“We love the California lifestyle, the people who live that lifestyle, who live out there and love the surf,” he says. “Our most successful licensees are out of the West Coast or are the ones that resonate in that way, like with Australian beaches or California style. So, we look for those type of partners rather than somebody from New York City who may not understand the consumer base.”

The company has had several collaborations, but one that Setton is especially proud of was a capsule with Urban Outfitters prior to the pandemic, which even included giving away surfboards.

“It was a really fun collaboration – a capsule from the ’60s. The social media garnered 300,000 likes the first day. It was a vintage collection of products and it did very well,” says Setton.

Taking California Across the Atlantic

Setton says it’s that sort of successful collaboration, and a goal of securing lucrative global partnerships, that has the company attending Brand Licensing Europe (BLE) for the first time. “One of the reasons we’re going to BLE is that we’ve had friends who have been able to get great collaborations,” adds Setton. “We’re hoping to meet global retailers that we could do a similar capsule as we did with Urban Outfitters. Hang Ten is in over 25 countries around the world, but that’s mostly through the stores. We operate on a licensing model here in North America and we’d love to see a global collaboration because with that many stores and that much of a global footprint, pretty much everybody around the world knows the brand. We’re interested in meeting the European market and we’re looking to expand into Europe.”

As exhibitors at Licensing Expo for several years, exhibiting at BLE seems like a logical next step for Setton and the brand.

“We do a fun booth. We have a vintage VW bus in our booth and we create a beach scene out of it and people love it,” says Setton. “This year, we’re doing the same in BLE. We’re created a fun booth and we’re bringing in a vintage VW bus with surfboards and it will attract the eye. We look forward to coming to these shows because we get to see everybody in just a few days.”

Capitalizing on a Theme

Another thing Setton is particularly excited about is the theme of this year’s BLE: Fashion. “When you talk about authenticity, our brand carries that very well,” says Setton. “We’re well-known as the striped T-shirt people. People have shoeboxes full of Hang Ten products from 40 or 50 years ago, and they keep them in their closets.”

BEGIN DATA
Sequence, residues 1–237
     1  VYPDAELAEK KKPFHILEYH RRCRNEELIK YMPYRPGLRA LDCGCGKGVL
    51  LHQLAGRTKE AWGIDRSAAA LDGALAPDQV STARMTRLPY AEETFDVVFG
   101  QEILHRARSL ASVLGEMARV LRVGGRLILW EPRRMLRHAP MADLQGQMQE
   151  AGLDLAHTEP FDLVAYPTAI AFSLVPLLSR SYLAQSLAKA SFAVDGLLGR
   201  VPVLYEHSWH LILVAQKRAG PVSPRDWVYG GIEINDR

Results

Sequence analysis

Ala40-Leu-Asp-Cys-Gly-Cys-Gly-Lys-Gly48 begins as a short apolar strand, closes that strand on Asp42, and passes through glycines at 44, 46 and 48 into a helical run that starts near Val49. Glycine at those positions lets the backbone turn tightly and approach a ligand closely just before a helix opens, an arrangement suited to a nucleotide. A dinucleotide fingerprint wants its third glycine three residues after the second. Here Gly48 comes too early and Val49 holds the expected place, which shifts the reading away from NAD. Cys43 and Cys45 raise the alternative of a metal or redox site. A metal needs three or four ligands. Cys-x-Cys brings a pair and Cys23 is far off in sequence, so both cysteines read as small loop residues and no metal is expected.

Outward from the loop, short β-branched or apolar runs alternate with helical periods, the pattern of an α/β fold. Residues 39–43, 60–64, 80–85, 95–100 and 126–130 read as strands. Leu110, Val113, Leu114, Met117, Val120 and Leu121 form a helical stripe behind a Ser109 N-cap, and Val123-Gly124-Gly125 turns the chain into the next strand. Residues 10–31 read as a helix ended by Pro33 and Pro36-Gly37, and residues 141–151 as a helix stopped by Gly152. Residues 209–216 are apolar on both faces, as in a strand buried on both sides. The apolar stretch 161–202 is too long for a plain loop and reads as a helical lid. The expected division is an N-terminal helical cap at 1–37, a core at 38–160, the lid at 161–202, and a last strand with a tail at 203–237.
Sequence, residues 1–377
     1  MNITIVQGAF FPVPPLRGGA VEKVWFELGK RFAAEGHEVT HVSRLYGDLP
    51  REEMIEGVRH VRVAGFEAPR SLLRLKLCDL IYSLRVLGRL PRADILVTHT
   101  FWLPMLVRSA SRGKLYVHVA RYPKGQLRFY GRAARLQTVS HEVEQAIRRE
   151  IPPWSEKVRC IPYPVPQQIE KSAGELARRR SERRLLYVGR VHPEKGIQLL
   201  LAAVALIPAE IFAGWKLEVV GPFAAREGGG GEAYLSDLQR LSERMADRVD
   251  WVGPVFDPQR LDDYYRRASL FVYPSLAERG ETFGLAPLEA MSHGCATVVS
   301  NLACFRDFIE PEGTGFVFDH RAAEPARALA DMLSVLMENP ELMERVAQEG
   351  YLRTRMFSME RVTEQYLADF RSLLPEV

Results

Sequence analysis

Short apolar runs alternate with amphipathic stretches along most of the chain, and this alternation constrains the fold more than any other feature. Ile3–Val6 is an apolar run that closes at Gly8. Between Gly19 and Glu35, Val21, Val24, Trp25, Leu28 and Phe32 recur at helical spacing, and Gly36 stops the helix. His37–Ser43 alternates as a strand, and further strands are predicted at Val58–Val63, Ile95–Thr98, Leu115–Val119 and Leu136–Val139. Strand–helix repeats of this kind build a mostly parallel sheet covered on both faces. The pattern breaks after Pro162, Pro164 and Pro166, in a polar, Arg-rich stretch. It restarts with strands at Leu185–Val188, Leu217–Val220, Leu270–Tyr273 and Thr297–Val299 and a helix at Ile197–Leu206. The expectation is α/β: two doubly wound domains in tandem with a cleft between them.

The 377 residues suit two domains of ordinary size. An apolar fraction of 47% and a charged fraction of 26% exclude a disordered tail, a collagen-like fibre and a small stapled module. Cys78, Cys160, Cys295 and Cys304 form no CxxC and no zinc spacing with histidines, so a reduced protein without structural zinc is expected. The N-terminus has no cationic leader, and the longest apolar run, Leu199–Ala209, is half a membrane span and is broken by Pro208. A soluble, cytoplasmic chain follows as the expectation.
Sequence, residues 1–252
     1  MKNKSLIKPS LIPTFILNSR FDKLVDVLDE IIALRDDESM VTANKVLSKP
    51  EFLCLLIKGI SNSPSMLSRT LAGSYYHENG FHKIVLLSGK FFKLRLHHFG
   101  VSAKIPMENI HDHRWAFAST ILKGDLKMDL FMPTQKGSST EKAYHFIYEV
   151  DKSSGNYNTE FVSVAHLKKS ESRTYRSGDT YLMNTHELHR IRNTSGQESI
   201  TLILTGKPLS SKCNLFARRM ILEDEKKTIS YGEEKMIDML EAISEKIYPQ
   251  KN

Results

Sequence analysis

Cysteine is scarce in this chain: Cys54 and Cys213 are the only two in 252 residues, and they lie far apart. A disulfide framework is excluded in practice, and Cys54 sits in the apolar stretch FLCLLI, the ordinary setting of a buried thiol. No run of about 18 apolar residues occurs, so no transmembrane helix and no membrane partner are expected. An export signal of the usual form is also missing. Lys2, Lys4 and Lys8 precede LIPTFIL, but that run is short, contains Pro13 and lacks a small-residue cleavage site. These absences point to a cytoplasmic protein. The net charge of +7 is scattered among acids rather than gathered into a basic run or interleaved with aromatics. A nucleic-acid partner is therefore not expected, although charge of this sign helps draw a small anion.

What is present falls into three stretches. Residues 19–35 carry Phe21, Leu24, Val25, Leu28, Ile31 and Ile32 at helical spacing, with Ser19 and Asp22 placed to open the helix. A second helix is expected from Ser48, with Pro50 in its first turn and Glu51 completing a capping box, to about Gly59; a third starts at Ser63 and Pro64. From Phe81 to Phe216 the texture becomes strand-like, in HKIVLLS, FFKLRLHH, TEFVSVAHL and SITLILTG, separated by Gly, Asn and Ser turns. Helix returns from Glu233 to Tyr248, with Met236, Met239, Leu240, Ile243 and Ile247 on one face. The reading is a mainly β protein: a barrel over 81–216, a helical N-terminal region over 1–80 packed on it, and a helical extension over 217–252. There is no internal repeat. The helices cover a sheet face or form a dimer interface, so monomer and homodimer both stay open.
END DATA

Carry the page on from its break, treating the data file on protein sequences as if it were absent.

There’s a nostalgic factor for a brand that’s been around for more than 50 years. Setton says people often offer the company these vintage products, whether it’s apparel, books or magazines.

“We were approached by retailers out of the U.K. a couple years ago, before COVID,” says Setton. “We’re hoping to see retailers and wholesalers who are open-minded for licensing and collaborations. We already ship to almost a dozen different countries around the world from Australia to the U.K. to France. But we think by coming out there and showing our booth and our product lines and our look, we’ll just expand our global footprint. Having 800 stores around the world and being in over two dozen countries, it’s a well-recognized brand around the world. And we’re just getting started.”

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About the Author(s)

Jane Neal

Content Editor, License Global

Jane Neal is a Content Editor for License Global. Working remotely in the great state of Wisconsin, Jane specializes in retail and pop-culture trends.

She has worked extensively in the communication field as a managing editor, advertising copywriter, technical writer and journalist. She detoured for several years into academia where she taught journalism, English and humanities at the college level.

A complete Marvel nerd, she enjoys food, films, fishing, friends and family … and alliteration.